The first case of HIV/AIDS in the United States was identified in 1981; however a blood sample taken in 1959 confirms the existence of the disease at that time (History of AIDS, 2005; Gorman, 1998; Coughlin & Beauchamp, 1996). Initially, significant negative stigma hindered the public health processes that may have helped to identify and slow the progression of the disease within the society. HIV was viewed as a gay man’s disease, and diagnosis with the virus could have resulted in residential eviction, professional termination, social isolation, and other discriminatory practices (Beauchamp & Steinbock, 1999). The development of testing for HIV had additional negative connotations as some intended the results to identify homosexuals in order to fire them (Beauchamp & Steinbock, 1999). Due to the severe public reaction, public health information was gathered at a cost of extreme confidentiality; identifying the disease but not the individual carrying it. In this manner, the containment of the disease was slowed and transmission of the disease was not adequately countered. Continue reading »
Within the healthcare system, it is important for healthcare professionals to maintain ethical standards, including those that govern respect for persons, a primary component of which is autonomy, and beneficence. Continue reading »
You are a paramedic arriving at an emergency scene. A group of scouts has entered a cave that is now filling with water. They were led into the cave by a rather large scoutmaster. Unfortunately, while leading them out of the cave, the scoutmaster somehow managed to get stuck in a narrow opening with only his head and shoulders protruding out. With his upper torso stuck outside the cave, it appears the scoutmaster will survive, but all the boys below will drown if they cannot escape.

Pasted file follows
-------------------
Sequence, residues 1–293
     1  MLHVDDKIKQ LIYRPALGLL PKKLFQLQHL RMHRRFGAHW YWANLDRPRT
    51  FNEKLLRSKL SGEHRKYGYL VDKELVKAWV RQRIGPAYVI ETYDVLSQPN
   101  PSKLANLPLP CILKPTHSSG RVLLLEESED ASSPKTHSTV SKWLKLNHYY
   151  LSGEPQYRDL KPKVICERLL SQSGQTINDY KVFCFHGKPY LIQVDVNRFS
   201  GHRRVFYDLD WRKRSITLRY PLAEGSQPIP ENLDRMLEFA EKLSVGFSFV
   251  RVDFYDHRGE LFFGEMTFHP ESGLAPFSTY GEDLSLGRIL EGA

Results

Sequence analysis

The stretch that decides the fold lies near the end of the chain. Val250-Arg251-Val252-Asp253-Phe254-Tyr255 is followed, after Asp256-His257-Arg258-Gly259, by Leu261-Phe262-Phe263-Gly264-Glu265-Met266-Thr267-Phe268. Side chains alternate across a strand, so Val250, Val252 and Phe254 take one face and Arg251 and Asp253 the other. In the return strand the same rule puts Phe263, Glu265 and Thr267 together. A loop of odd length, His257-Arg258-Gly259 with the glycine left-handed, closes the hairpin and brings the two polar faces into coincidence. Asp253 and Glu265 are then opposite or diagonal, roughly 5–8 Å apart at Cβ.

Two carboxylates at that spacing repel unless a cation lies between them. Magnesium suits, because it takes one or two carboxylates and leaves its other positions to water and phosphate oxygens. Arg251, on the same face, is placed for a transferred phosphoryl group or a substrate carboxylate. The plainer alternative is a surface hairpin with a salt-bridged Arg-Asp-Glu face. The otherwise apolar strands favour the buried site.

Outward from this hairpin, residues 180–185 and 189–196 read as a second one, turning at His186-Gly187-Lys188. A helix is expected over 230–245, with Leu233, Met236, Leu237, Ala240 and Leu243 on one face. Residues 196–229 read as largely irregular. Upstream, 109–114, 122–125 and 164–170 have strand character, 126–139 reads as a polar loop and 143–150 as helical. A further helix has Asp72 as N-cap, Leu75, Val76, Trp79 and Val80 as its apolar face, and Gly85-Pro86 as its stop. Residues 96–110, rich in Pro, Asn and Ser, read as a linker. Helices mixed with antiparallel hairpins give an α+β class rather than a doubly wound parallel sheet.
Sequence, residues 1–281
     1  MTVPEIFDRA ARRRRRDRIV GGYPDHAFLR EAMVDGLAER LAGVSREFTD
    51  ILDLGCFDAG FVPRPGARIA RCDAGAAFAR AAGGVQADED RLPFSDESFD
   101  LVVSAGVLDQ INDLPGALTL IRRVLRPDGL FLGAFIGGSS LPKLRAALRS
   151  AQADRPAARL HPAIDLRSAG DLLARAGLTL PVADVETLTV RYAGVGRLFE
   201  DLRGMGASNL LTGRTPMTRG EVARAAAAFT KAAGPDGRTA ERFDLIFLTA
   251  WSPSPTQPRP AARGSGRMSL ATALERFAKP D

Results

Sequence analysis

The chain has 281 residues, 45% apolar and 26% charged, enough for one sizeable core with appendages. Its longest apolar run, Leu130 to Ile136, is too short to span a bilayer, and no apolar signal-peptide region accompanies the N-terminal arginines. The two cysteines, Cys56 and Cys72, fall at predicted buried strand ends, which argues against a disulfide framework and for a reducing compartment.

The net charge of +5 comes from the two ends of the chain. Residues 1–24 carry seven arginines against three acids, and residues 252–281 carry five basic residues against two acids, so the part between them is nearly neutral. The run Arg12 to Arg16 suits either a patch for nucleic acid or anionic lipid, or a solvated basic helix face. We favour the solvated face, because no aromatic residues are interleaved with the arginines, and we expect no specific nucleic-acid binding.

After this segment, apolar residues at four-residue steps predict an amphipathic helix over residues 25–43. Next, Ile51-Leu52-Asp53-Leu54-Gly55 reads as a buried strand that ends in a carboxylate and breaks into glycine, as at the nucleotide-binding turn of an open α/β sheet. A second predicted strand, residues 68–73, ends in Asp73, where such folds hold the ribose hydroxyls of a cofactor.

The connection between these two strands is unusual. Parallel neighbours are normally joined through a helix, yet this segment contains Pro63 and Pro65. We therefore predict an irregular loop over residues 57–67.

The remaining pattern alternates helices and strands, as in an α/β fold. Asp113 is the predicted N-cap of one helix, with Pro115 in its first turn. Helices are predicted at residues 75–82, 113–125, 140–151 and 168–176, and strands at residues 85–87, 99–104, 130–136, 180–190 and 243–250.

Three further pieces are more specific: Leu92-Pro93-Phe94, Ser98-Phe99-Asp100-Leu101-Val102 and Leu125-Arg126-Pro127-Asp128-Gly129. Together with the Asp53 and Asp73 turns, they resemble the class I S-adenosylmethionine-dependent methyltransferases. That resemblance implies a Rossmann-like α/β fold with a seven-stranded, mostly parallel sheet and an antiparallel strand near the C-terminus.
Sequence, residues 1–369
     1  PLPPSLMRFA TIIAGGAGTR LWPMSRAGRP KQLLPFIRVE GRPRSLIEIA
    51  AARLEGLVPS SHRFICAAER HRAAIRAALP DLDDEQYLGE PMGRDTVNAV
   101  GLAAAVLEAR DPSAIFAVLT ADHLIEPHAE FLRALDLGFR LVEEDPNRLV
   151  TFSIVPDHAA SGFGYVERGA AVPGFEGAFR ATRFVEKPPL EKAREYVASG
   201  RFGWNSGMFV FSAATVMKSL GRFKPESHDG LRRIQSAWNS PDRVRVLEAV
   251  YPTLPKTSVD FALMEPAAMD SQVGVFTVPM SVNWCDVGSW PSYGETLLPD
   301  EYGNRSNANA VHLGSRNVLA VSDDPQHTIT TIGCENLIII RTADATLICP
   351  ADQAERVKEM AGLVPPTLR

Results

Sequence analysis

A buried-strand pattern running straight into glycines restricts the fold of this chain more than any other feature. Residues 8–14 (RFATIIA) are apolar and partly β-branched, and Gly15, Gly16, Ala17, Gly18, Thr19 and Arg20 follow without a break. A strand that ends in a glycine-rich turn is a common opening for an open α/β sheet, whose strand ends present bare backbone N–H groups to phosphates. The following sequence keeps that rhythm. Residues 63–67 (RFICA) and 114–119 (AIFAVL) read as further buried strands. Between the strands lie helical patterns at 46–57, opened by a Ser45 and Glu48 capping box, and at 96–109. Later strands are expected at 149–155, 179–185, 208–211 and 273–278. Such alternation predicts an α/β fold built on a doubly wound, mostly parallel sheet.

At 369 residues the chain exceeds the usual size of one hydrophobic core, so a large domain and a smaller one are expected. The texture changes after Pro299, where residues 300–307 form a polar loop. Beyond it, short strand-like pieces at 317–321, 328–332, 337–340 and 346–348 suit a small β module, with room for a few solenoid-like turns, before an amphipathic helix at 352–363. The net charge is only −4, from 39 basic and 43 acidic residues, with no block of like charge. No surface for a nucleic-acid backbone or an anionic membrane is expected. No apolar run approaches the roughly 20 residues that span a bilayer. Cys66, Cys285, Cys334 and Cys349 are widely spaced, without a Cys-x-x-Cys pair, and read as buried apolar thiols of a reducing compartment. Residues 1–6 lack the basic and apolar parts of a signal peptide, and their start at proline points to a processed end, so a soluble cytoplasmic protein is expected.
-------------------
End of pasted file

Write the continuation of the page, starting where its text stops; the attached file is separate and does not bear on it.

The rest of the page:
After you have checked all possible escape routes and have attempted to extricate the scoutmaster, it becomes clear that the only way to save the boys is to sacrifice the scoutmaster, so he can be removed. This is, unfortunately, not the Winnie the Pooh story where Rabbit has the option of waiting until Pooh loses weight. What is the correct action for this case?
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Physicians and caretakers are often faced with difficult dilemmas that require assisting patients and families to choose a specific course of action. Few environments are as demanding on the professional relationship as within medicine; treatment plans, end-of-life decisions and day-to-day recommendations balance risks with the patient’s best interests. Especially in the medical field, providers’ recommendations must maintain ethical standards. Ethical is defined at Dictionary.com (n.d.) as: “being in accordance with the rules or standards for right conduct or practice, esp. the standards of a profession”.
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